Potential ROIHigh potential, especially in prime locations with long-term leasesSteady and reliable returns with potential for appreciationHigh, especially with value-add strategies and efficient managementHighly variable; peak seasons can offer exceptional returns
Tenant DurationLonger-term leases (often multi-year) offer stabilityTypically 1-year leases, potential for long-term tenants6-month to 1-year leases common; potential for long-term tenantsShort-term stays ranging from days to weeks
Market SensitivitySensitive to economic shifts affecting businessesModerately stable but can be influenced by housing market trendsStable with continuous demand; influenced by housing market trendsHighly sensitive to economic, environmental, and travel industry changes

Pros and Cons of Investing in Commercial Real Estate

There are many factors to consider when determining how to invest in rental real estate, specifically commercial rental properties. The following is a comprehensive list of the pros and cons you need to know before investing in commercial rental properties.

Pros of Commercial Rental Investing

  1. Greater Income Potential – More units equal more opportunities to generate more revenue. Commercial properties also allow for alternative revenue sources such as advertising space (Billboards), rooftop cellular sites, parking lot rentals, vending & ATM machine rent, and more. 
  2. Longer Tenancy Commercial tenants normally sign multi-year leases ranging from 3-5 Years and sometimes have an “option” to add on additional years. This gives landlords greater long term predictability for property cash flow and stability.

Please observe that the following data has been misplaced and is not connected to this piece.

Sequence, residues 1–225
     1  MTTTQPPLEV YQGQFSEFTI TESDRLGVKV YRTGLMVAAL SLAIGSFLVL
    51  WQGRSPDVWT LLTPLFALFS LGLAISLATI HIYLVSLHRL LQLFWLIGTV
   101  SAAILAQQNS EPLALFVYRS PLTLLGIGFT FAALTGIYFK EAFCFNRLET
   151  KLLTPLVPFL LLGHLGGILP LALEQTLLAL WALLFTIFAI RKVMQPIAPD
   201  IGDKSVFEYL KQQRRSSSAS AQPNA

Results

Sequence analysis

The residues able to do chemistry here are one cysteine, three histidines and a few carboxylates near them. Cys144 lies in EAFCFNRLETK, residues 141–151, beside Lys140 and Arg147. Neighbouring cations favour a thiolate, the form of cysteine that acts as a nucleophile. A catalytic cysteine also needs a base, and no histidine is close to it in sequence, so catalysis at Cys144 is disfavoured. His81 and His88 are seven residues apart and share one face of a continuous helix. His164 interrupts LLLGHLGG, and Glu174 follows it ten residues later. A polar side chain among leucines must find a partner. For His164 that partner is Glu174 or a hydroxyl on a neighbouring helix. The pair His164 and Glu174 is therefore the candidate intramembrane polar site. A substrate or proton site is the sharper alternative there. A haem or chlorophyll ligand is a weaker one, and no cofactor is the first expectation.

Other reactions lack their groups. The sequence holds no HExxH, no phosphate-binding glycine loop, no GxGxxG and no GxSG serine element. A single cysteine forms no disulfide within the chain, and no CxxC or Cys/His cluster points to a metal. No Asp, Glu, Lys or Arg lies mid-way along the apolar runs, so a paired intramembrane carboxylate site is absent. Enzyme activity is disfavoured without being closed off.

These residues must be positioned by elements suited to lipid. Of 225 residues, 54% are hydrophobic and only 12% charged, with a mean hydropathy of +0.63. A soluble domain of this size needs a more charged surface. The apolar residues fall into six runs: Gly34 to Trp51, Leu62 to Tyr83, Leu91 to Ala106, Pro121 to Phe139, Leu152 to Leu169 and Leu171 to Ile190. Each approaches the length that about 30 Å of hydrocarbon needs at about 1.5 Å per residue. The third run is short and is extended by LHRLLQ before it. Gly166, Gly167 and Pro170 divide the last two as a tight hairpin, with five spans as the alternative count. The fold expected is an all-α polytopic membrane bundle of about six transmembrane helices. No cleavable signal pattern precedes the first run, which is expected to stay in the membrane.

3. Less Maintenance Responsibilities – Most commercial leases require that tenants handle more maintenance responsibilities. A lease type called “Triple Net – NNN” is the most ideal for Landlords, in which tenants are responsible for 100% of maintenance (with a few exceptions).
  4. Professional RelationshipsCommercial tenants are generally business owners whose best interest is to keep the property welcoming and in good shape. These interests generally align with the owners, resulting in a well taken care of property.
  5. More Flexibility of Lease Terms – Since most businesses are unique, most commercial leases are tailored to each tenant. Maybe the tenant is a laundromat who uses a lot of water. In this case, you could write the lease so that this one tenant pays for the entire property’s water bill.

Cons of Commercial Rental Investing

  1. Longer Vacancy Time – While apartment seekers are forever plentiful, renting a commercial space usually takes longer to find the perfect tenant. Depending on the market and property, this process can range from several months to several years. 
  2. Greater Overhead Costs – Business tenants expect a professional interaction with their landlord. As such, there are additional costs to operate commercial properties such as a property management office, parking lot cleaning, admin personnel, licensing & permit fees, and more.
  3. Bigger Investment – The typical down payment to acquire a piece of commercial rental real estate is much greater than a standard home. The down payment for commercial properties can range from 20-50% and loan interest rates for commercial properties are usually higher than other types of rental properties .
  4. Professional Services – Since there is more at stake in commercial rentals, it is always best practice to avoid DIY (Do it Yourself) and use professionals. These can range from commercial real estate brokers for vacancy leasing, to licensed and bonded tradesmen for repairs.
  5. Greater Liability – Commercial rental real estate is generally intended for public use. With greater use of people regularly interacting with the property, also comes greater probability for someone to get hurt or damage the property (both intentionally or unintentionally).

More Real Estate Investing Asset Types